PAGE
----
In a recent decision, the High Court of Israel has ruled that the Israeli government must recognize gay marriages contracted by its citizens abroad and extend to them the same benefits granted to heterosexual marriages. The decision does not mean that Israeli gays and lesbians can enter into homosexual marriages in Israel itself. The Israeli state does not have any system of civil marriage, and - to my knowledge - none of the state-certified religious authorities (Jewish, Muslim, and Christian) endorse gay marriage. Moreover, the decision is based on statutory interpretation rather than constitutional grounds (Israel does not have a written constitution). Therefore, the Knesset (Israeli parliament) could potentially override the holding by amending its marriage recognition law.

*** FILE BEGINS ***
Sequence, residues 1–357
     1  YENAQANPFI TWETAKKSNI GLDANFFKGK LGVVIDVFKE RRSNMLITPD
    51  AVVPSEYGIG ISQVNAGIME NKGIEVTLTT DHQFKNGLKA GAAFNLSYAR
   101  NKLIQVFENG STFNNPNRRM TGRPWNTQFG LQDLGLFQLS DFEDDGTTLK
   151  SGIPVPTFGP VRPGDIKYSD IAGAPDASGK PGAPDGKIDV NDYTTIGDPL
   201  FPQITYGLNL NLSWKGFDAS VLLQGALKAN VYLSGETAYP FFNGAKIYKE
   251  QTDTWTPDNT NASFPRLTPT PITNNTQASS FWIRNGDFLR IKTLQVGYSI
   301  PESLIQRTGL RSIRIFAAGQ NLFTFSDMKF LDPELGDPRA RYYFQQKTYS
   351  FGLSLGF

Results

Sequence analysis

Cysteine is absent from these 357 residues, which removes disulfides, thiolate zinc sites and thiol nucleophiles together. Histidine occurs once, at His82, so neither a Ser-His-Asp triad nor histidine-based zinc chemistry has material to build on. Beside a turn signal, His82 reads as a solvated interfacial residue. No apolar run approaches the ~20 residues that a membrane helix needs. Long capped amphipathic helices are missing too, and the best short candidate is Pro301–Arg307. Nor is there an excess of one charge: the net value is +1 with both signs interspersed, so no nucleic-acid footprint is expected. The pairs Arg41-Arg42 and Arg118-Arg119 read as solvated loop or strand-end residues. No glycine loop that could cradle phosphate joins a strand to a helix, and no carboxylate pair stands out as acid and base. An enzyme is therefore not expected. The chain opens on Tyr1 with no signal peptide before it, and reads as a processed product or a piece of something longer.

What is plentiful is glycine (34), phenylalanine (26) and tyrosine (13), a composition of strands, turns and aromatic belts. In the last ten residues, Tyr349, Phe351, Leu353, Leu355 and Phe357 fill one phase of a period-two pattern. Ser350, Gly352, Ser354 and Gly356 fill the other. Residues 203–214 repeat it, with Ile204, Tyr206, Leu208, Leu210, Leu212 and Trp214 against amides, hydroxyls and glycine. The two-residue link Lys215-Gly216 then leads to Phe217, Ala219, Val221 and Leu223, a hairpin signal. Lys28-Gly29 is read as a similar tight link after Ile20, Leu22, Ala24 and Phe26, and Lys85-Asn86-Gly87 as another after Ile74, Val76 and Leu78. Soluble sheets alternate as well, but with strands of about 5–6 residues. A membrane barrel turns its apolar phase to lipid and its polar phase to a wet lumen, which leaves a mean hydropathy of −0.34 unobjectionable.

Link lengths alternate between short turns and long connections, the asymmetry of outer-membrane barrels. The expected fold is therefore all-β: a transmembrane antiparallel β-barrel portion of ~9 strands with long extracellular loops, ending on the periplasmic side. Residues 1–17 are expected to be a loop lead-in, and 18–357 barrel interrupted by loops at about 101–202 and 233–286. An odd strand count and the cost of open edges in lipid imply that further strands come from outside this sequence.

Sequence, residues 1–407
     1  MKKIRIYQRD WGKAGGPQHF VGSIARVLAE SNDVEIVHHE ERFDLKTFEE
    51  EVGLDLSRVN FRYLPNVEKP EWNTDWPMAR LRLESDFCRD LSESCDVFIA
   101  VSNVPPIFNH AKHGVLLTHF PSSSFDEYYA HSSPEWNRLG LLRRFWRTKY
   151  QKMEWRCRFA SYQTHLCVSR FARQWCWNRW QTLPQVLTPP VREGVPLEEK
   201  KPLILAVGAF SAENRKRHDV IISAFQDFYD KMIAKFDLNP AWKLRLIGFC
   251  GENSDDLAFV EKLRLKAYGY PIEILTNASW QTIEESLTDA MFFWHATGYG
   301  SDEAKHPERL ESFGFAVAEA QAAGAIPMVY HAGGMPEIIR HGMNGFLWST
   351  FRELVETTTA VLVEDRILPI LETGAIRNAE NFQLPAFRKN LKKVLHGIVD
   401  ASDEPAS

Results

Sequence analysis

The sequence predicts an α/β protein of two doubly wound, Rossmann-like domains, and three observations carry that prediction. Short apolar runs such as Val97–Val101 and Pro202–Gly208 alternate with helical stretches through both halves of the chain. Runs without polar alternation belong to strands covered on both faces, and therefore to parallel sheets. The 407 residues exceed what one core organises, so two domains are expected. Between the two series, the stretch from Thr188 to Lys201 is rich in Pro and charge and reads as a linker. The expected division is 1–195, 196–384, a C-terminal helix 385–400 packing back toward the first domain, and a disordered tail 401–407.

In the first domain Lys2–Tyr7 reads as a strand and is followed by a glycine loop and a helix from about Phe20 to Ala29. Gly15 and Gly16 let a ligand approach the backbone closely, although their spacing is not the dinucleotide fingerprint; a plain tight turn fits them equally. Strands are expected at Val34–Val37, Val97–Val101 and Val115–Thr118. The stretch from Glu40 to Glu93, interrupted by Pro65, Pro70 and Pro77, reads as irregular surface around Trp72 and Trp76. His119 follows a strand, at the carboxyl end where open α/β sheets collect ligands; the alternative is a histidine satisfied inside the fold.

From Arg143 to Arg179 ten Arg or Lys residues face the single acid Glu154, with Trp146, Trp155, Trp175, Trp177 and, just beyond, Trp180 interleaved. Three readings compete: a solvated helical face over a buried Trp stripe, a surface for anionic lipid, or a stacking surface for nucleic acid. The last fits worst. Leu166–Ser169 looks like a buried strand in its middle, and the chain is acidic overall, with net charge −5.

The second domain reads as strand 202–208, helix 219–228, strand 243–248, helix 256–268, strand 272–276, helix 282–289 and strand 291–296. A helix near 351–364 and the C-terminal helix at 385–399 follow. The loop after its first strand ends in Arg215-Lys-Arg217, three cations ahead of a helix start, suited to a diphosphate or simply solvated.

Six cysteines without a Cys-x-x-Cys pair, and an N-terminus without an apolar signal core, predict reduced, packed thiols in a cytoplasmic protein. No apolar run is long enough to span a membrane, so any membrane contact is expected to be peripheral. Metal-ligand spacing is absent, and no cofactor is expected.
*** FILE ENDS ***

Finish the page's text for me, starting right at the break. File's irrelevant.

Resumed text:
However, under the new decision, Israeli citizens can enter into gay marriages in foreign jurisdictions that allow them (such as Canada, Massachusetts, and some European countries), and have them recognized by the Israeli state. Given the large number of Israelis who travel and/or live abroad, it is likely that many Israeli gays and lesbians will be able to take advantage of the court's decision. And while the Knesset can indeed override the decision if it chooses to do so, it is far from clear that such a measure can get through Israel's fractious parliament anytime soon.
In any event, as Andrew Sullivan points out: "The contrast with the murderous homophobia in the Arab-Muslim Middle East could not be starker."